NASA has suspended operations for its Mars Opportunity rover as the result of a dust storm that has prevented the vehicle from recharging its batteries for more than a week.
The storms - covering an area equivalent to the size of North America - started on Friday 1 June, but still haven't abated, with NASA receiving its last transmission from the vehicle on Sunday morning.
A dark, perpetual night has settled over the rover's location in Mars' Perseverance Valley
"Sunday's transmission was especially good news considering the dust storm has intensified in the past several days," explained NASA's latest update.
It continued: "A dark, perpetual night has settled over the rover's location in Mars' Perseverance Valley. The storm's atmospheric opacity - the veil of dust blowing around, which can blot out sunlight - is now much worse than a 2007 storm that Opportunity weathered.
"The previous storm had an opacity level, or tau, somewhere above 5.5; this new storm had an estimated tau of 10.8 as of Sunday morning."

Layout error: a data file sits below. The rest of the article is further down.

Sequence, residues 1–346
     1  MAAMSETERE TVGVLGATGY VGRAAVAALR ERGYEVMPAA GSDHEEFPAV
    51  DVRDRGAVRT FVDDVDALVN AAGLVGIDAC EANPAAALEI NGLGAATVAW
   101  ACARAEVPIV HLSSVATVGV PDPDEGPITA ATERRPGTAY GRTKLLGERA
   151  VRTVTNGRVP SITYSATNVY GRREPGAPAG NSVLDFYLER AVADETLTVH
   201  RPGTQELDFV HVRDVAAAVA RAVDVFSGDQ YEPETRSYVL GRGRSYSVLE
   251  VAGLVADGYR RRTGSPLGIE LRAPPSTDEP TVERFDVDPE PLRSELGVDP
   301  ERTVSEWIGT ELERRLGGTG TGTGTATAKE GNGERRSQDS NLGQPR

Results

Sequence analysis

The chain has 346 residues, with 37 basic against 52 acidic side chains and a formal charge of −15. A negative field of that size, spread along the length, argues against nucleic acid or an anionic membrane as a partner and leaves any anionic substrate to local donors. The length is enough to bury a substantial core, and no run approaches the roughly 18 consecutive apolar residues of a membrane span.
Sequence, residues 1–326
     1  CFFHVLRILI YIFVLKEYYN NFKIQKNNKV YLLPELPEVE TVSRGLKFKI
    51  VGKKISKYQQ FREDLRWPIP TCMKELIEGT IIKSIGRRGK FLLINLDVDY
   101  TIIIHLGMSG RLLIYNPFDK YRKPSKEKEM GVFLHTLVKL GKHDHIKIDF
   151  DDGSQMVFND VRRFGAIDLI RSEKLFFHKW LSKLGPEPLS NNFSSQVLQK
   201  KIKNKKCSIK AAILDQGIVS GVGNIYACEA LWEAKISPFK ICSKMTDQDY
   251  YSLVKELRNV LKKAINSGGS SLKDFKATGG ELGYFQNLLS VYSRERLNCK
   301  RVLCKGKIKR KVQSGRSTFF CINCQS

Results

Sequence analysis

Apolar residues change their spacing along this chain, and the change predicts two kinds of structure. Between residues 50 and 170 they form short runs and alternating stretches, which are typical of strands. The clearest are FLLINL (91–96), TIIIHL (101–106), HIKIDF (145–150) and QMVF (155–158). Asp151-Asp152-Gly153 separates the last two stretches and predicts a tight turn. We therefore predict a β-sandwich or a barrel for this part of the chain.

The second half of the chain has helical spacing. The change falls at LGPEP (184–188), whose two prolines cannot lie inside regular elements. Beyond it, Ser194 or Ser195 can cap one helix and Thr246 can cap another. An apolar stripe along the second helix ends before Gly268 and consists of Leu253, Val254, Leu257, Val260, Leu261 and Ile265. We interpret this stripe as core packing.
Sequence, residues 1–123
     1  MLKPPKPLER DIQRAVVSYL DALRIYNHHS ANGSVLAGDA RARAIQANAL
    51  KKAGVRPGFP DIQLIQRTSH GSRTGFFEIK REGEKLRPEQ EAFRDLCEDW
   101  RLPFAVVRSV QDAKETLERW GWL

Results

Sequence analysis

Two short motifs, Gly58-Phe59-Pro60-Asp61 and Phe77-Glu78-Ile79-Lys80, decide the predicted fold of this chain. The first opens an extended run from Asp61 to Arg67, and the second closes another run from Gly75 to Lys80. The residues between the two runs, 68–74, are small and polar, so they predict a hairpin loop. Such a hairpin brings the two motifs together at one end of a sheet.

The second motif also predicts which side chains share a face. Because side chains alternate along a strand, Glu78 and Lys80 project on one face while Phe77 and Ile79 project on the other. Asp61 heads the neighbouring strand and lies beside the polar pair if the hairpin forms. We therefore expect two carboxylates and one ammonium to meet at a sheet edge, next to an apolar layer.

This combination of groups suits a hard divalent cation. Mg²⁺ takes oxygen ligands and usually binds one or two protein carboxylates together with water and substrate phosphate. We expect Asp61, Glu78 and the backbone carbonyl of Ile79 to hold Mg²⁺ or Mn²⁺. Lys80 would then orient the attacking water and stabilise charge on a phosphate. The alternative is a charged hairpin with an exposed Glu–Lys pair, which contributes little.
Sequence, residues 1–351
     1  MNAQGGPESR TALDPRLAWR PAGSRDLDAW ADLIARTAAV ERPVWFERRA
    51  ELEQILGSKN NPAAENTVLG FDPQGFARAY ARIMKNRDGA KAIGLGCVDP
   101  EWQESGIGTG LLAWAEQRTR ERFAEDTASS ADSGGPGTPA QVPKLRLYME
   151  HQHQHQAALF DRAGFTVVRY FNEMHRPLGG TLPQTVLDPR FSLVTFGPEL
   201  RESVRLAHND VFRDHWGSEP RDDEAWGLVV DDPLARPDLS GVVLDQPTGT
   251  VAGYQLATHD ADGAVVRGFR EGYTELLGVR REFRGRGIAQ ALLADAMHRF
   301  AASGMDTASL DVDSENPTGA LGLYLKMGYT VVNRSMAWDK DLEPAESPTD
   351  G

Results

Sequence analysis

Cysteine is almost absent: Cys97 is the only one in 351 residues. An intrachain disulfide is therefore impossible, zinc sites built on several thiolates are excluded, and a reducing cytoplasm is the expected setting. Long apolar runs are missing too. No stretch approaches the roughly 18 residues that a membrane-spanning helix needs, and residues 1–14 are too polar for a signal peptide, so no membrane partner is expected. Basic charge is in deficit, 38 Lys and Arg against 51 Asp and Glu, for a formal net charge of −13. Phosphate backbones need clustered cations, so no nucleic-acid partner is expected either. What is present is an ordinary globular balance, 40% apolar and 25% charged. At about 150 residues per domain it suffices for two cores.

The rover is enduring the storm in temperatures of minus 29 degrees celsius, although one benefit of the dust storm, which could damage the vehicle, is that it reduces the extreme fluctuations in temperature on the red planet's surface.
However, if it runs out of power, the rover's heaters will switch off and the device might not be able to restart.
NASA's Opportunity rover was originally designed for a 92-day mission starting in January 2004. It has investigated soil and rock samples and taken panoramic photos while roving from its original landing site at Eagle Crater, through Marathon Valley to its current storm-strewn location, not far from the massive Endeavour Crater.
Before the storm struck, the team responsible for communicating with, and controlling, Mars Opportunity were able to make contingency plans.
The rover was shifted to "minimal operations" on Wednesday 6 June in order to preserve battery power. Should its power run down entirely, the rover's ‘survival heaters' will stop working, leaving it vulnerable to the cold.
A much larger dust storm in 2007 is believed to have accounted for Opportunity's sister rover, Spirit.
Last week, NASA released details from Mars' surface gleaned from its Curiosity rover, which has been exploring Mars' surface since August 2012. Analysis of rocks taken from the bottom of Gale Crater by Curiosity rover found more evidence of organic material, indicating that Mars might once have been hospitable enough to have hosted life.
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